Rather than a slap in the face, this decision is actually one of the most beautiful lessons aspiring writers could ever learn: that the craft of writing should be so loved and respected that personal fame and attention, even for the most deserving work, should never eclipse the universal giving nature of literature. Those who write do so not to gain personal fame or fortune but to share their soul with the world through their words. By refusing to discuss her novel, Ms. Lee has guaranteed that our attention—even after all these years—has never shifted from the original inspiring message of her novel. That message is as universal today as it was in the early 1960’s: that fighting for what is right, not only when it’s not popular but also when you know that you probably won’t win, is still worth fighting for. That is what Atticus taught us. That is why he was a hero.
Can I not learn that on my own just as well—or even better—by reading the novel than by having Harper Lee tell me in an interview? Isn’t the experience of reading the novel more profoundly pure than seeing it discussed?
As you can imagine, writing a biography of a famous person who has refused to discuss her most important work for over forty years was quite a difficult task. At first, I felt for Kerry as I read the biography. How was she going to do this? In a sense, the biography also had a pureness to it because Kerry had to approach the whole thing without the benefit of interviewing the main subject. She had to go to the town, interview friends and locals, pore over the research. She had to think hard and write even better.
For those literary fans who got the message of To Kill A Mockingbird, this biography is a fascinating read that brings you into the making of the novel, movie, and person. There are so many amazing parts of this biography that I would like to share with you, but I’ll follow Harper’s lead: read the book!
I can say that Monroeville is still very much alive with the spirit of the classic story. Just visit some of the links below to learn more about the town that inspired Maycomb and the novel that captured all of our hearts. Imagine stepping into the actual courtroom that inspired Harper Lee; you can only do this in Monroeville at the Old Courthouse Museum, a spectacular attraction that makes the novel come alive before your eyes. Hollywood replicated this courtroom for the classic movie, and stepping into the real thing is quite an overwhelming experience.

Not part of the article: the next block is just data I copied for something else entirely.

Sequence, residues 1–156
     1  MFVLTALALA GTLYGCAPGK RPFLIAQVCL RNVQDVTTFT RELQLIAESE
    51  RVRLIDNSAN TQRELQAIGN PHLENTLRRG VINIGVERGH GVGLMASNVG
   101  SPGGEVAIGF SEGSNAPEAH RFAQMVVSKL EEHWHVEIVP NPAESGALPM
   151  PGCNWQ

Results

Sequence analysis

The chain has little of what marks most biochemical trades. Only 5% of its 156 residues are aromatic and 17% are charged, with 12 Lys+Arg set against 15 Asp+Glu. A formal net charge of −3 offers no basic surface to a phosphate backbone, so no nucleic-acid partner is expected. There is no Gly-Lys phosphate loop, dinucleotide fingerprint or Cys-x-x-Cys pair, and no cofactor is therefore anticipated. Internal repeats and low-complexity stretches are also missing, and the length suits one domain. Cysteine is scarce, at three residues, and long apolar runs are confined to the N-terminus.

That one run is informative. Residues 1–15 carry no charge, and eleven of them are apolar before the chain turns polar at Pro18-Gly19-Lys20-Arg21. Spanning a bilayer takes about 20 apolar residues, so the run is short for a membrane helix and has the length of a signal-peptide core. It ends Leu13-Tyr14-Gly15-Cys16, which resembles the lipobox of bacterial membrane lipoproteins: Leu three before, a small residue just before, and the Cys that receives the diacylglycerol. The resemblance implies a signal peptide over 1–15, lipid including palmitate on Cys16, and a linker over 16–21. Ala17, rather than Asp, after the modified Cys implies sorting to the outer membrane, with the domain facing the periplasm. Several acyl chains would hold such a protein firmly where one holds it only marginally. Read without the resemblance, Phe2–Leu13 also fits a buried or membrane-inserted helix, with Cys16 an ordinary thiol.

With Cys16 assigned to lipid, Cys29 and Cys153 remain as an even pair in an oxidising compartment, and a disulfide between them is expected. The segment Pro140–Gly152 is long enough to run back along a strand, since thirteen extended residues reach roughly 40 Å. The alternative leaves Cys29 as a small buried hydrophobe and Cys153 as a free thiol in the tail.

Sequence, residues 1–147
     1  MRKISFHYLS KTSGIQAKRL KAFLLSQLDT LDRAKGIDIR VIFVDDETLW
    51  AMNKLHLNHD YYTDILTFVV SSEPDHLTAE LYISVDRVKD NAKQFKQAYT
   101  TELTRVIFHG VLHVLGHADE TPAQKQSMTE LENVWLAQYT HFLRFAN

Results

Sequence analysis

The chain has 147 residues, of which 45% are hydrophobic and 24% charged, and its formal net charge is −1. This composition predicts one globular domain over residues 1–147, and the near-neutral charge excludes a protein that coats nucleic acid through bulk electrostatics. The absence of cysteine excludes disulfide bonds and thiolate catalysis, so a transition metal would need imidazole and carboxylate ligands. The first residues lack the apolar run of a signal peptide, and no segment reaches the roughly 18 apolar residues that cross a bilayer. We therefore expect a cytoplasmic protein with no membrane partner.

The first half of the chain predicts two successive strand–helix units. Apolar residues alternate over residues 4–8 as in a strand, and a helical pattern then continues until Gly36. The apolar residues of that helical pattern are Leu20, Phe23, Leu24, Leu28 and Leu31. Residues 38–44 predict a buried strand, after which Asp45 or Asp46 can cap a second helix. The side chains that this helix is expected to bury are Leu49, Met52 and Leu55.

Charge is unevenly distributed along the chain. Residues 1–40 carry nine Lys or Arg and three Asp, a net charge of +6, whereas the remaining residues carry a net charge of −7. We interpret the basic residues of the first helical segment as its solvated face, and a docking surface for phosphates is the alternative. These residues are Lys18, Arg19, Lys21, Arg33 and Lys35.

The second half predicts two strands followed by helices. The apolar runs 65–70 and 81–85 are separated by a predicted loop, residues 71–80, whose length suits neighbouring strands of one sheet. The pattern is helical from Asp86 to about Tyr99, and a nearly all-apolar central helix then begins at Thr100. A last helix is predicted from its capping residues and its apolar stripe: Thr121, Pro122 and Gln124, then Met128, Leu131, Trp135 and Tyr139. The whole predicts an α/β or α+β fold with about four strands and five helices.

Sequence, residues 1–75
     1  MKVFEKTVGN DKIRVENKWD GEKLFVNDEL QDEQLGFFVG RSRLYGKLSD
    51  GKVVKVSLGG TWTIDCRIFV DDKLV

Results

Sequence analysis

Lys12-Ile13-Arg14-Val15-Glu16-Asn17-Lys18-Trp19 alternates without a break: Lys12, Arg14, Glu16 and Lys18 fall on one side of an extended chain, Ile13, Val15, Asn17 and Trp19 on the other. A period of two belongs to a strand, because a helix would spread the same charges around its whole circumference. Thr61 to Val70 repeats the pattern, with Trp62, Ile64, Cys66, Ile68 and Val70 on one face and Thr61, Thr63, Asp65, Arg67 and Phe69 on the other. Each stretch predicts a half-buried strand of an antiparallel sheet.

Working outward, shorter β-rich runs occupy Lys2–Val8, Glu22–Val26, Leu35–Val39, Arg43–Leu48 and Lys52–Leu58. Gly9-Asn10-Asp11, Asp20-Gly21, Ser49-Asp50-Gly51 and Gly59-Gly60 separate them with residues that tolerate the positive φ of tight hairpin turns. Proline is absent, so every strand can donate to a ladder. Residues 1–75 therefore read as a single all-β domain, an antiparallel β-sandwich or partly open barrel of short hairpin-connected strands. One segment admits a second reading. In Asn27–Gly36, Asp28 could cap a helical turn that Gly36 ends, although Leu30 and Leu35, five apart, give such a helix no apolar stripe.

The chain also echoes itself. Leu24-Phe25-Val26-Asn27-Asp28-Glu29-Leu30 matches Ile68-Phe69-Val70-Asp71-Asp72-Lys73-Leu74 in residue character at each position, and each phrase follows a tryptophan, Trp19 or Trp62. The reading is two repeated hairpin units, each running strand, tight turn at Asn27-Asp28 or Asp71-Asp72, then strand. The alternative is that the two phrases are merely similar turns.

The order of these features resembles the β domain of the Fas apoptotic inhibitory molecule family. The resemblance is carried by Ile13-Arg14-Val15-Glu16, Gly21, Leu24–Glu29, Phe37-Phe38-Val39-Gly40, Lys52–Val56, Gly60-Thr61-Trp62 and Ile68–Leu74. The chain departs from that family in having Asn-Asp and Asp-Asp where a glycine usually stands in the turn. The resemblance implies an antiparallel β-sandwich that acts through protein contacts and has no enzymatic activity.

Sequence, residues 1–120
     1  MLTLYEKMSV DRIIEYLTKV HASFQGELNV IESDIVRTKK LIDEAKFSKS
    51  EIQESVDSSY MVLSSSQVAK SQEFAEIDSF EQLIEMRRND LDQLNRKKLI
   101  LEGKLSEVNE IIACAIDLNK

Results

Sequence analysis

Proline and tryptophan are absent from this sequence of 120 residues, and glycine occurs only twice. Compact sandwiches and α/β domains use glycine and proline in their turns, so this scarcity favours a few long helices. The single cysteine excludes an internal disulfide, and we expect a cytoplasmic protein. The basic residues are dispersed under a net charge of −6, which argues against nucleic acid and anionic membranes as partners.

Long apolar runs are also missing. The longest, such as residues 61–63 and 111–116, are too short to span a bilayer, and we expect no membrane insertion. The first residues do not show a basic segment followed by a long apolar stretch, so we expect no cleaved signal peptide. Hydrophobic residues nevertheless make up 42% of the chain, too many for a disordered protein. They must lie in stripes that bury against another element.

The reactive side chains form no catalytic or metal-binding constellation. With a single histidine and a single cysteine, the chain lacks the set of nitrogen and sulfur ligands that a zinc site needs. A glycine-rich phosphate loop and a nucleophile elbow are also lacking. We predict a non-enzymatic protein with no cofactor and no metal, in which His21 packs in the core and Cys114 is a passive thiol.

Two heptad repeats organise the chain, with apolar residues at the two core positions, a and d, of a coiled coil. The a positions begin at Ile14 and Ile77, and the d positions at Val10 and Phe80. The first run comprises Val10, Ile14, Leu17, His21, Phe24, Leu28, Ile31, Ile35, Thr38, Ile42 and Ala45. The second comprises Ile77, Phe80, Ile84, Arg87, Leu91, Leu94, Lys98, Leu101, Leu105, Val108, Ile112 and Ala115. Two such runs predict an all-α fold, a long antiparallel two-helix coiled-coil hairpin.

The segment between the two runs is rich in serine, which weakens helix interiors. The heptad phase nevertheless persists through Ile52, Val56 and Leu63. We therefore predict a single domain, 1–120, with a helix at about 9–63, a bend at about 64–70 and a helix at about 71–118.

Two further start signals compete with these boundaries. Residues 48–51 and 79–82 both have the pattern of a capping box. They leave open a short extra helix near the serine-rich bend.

Monroeville has also recently joined the Southern Literary Trail, a partnership between Alabama, Georgia, and Mississippi that has connected many classic literary tourism attractions together through a central website with links. I strongly recommend a visit to the Southern Literary Trail. One example of their listed attractions is in my hometown of Montgomery, Alabama: the former home of F. Scott and Zelda Fitzgerald in beautiful Old Cloverdale. I also took a virtual tour of Faulkner’s home in Oxford, Mississippi, through that site (I’m planning a real trip, but this is one of the many valuable features that allows a literary tourist to learn about a site before visiting). Even Shelby Foote, a favorite writer of mine when I was a boy, is represented in the project. There are many more literary tourism destinations involved with the Southern Literary Trail, so please check it out at: http://www.southernliterarytrail.org/. You will be excited at what you find there. Alabama is well represented, along with Monroeville, the official Literary Capital of Alabama. Indeed, so many high-profile writers have connections to this small Alabama town that many have said: "It must be the water," a phrase that inspired the fountain, seen right, at the Alabama Center for the Literary Arts.